Aise was married to an older man when she was 11 years old. He died and she was left with her own children and also several siblings after her parents died as well. She was 14 years old when this photo was taken.

We re-roofed her one room house and gave her seeds to plant her own vegetables, which she could then sell to make a living.


Manyowe Baptist Church

Mbuye mwayenera.
Lord you are worthy.

Palibe wina ofana nanu.
There is none like you.





Yes of course we can worship underneath a tree, however the Lord laid it on our hearts to build a new Manyowe Baptist Church.

The Manyowe Baptist Church was started in 1972. The Church is now used as a school during the week. Manyowe is a big village (about 9,500 people) so there are a few church buildings. This was our first big project in Manyowe.

Included in this page are photographs of the new church being built and a touching photograph of a little boy who sought shelter in the church.


Why I Hate Religion, But Love Jesus

A poem written by Jefferson Bethke to highlight the difference between Jesus and false religion. This really sums up some of my thoughts about religion.


An Introduction

Moni. Muli bwanji?

Hello. How are you?

The Eagle Wings Christian Family started as a result of my trip back to Malawi, the land of my birth, in 2007. 

Malawi is a beautiful country, but like so many African countries it is also a place of poverty and hardship, of malnourishment and starvation. It is a country in dire need of help, where diseases such as malaria and HIV directly or indirectly affect the whole population.

It was in Blantyre that I met Pastor Julius Damson, a very humble Malawian man. He took me to his mud hut church in Manyowe.

Manyowe Township is an “unplanned” area of Blantyre, this means it lacks basic services like roads, sewage systems, electricity and proper access to clean safe water. Over 70% of people in Blantyre live in these unplanned areas. Manyowe has a population of around 9,500 people.

There was something sort of different and special about the people there, you did not get hassled and they did not beg. The kids laughed and played with nothing but sticks and stones. I cannot describe it!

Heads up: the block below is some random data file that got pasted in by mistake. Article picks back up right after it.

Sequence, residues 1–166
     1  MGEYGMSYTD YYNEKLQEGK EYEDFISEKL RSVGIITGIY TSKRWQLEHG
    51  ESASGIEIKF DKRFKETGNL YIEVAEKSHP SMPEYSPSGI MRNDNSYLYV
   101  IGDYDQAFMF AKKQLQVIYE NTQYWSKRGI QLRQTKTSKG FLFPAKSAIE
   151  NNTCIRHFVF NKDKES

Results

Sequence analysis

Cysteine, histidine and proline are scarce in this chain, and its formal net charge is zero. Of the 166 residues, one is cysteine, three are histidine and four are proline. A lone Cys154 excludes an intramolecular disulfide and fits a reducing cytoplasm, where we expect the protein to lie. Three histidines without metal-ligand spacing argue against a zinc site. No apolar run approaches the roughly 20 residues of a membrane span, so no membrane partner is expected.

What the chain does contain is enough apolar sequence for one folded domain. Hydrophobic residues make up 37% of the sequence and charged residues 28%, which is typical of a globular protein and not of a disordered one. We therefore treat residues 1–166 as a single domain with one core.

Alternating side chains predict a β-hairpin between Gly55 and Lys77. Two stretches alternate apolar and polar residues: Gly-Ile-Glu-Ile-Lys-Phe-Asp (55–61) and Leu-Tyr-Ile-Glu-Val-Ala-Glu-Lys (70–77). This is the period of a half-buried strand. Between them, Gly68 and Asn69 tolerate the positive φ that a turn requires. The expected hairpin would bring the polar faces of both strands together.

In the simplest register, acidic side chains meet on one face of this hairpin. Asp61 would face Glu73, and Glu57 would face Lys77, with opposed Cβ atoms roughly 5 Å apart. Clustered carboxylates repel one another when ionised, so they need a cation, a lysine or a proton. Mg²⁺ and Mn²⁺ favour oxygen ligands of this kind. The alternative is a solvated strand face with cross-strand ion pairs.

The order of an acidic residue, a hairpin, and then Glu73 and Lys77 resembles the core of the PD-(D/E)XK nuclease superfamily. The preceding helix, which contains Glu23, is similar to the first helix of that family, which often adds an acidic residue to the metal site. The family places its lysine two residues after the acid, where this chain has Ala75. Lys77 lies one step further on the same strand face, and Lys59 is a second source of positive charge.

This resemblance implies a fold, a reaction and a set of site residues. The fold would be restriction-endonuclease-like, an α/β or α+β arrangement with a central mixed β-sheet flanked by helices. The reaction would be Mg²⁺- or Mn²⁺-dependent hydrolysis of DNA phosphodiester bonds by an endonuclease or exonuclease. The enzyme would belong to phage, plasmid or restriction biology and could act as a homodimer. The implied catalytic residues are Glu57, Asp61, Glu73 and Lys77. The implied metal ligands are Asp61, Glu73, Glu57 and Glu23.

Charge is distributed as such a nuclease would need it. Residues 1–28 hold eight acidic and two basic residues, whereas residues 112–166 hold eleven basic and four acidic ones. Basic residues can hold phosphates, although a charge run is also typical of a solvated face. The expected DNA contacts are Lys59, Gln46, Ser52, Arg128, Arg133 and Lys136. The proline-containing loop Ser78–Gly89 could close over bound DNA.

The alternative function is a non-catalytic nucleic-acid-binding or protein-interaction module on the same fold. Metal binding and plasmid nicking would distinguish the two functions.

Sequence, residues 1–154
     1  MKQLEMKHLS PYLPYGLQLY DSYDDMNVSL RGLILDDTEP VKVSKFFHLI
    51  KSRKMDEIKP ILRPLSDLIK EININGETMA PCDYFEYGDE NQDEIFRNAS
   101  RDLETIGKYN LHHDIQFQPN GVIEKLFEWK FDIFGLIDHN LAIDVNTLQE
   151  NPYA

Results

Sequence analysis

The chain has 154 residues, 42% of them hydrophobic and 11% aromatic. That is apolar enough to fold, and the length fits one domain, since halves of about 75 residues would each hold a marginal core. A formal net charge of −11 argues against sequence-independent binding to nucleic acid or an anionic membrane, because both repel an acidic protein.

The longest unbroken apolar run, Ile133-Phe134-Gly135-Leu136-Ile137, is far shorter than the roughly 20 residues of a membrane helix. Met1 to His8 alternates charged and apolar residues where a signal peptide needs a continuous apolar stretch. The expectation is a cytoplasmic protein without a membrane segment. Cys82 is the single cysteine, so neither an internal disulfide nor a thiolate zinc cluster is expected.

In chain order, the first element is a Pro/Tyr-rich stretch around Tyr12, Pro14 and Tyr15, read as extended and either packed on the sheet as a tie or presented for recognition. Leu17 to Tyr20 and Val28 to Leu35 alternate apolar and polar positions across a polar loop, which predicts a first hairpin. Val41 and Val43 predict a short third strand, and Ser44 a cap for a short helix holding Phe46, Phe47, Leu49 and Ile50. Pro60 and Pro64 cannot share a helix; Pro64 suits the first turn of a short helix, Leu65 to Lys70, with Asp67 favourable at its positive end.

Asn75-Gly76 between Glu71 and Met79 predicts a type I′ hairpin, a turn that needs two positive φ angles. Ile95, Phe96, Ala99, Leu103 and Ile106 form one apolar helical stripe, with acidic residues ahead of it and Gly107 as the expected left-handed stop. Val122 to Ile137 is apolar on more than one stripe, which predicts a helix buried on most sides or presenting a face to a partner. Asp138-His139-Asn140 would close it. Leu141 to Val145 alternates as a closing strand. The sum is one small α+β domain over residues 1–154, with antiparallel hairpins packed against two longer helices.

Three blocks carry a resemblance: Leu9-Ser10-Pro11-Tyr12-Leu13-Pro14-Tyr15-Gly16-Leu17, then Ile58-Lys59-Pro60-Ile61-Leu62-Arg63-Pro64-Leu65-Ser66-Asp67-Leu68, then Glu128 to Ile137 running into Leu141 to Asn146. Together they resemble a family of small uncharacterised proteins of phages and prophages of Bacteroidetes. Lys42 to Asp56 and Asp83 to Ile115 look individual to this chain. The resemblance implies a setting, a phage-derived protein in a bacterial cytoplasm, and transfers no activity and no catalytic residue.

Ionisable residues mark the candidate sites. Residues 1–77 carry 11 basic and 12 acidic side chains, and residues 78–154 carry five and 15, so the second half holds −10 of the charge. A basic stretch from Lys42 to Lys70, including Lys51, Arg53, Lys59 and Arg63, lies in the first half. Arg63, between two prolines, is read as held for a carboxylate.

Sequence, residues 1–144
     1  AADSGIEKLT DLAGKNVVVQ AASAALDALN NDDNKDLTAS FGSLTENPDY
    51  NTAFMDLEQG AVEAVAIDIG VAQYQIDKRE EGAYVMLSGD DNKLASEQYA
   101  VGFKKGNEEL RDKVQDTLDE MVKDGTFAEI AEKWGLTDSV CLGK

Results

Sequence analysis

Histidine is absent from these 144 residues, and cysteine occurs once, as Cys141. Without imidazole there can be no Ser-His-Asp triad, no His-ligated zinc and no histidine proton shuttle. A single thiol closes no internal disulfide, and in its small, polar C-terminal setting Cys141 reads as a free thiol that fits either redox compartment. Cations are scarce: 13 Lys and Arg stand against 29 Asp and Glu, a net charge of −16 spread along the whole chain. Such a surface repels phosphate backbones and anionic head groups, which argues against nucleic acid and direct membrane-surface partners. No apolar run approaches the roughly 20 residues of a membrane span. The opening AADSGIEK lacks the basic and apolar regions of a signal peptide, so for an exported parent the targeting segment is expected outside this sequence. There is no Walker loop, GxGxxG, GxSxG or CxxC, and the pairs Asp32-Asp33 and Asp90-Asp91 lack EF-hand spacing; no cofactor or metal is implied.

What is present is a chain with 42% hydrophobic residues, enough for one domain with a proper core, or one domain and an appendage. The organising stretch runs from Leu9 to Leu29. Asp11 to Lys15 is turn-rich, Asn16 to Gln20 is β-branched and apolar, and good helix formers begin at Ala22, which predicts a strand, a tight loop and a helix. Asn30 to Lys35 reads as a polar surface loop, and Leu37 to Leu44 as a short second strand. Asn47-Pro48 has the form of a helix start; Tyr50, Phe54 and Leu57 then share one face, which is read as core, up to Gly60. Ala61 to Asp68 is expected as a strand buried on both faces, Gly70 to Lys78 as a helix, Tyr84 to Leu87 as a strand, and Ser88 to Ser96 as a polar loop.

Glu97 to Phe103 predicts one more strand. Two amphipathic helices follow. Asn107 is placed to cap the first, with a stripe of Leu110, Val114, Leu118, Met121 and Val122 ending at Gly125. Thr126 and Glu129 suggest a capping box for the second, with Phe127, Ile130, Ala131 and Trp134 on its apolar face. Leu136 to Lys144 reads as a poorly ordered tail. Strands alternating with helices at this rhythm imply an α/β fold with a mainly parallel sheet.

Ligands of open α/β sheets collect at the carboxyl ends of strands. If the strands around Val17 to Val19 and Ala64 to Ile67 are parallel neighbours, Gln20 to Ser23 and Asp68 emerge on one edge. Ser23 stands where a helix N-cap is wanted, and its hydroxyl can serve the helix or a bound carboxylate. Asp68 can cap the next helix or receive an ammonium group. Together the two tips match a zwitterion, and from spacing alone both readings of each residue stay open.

While I was there Julius adopted 3 orphans. I asked how could he afford to feed them together with his wife and five children. A huge grin appeared on his face and he said, “Madam, God has always provided why would he stop now?”

I was inspired by his vision of trying to teach Malawians to become volunteers and to help themselves rather than being reliant on charities and handouts.

One of the first projects was to help rebuild the Manyowe Church. I organised an exhibition and sent the money from the sale of the paintings. Judy Burns and Ed Marshall then joined me and Eagle Wings was born.

Judy is very organized and patient. She has experience in running her own businesses and has become our treasurer. Ed Marshall is the pastor of my local church. He has a desire to have Malawians come to faith and to see them helping themselves improve their lot in life.

There was no access to free safe water in Manyowe. The people there were dependent on paying for water, if they could afford it. The only other close source was the River Mudi, which is extremely polluted and unsafe, as you can see from this very informative article from The Big Issue Malawi.

Now a tap is attached to Pastor Julius Damson’s house, which supplies free safe water, from the mains, to the whole of Manyowe. The tap runs day and night.

The water is free of charge because the water bills are paid for from Australia. This money comes from the sale of all of Shirley’s paintings and some donations that come from people’s hearts. We never fundraise but instead rely on Our Lord Jesus to supply.


Since then Eagle Wings has grown to include two other missionaries, Hassan Stambuli (left) from Lilongwe and Steven Silungwe (right) from Muzu.


I want to use this blog to keep people in touch with the efforts of the Eagle Wings Christian Family and its missionaries in Malawi. I will be posting here about some of the other good work that Julius, Hassan and Steven are doing.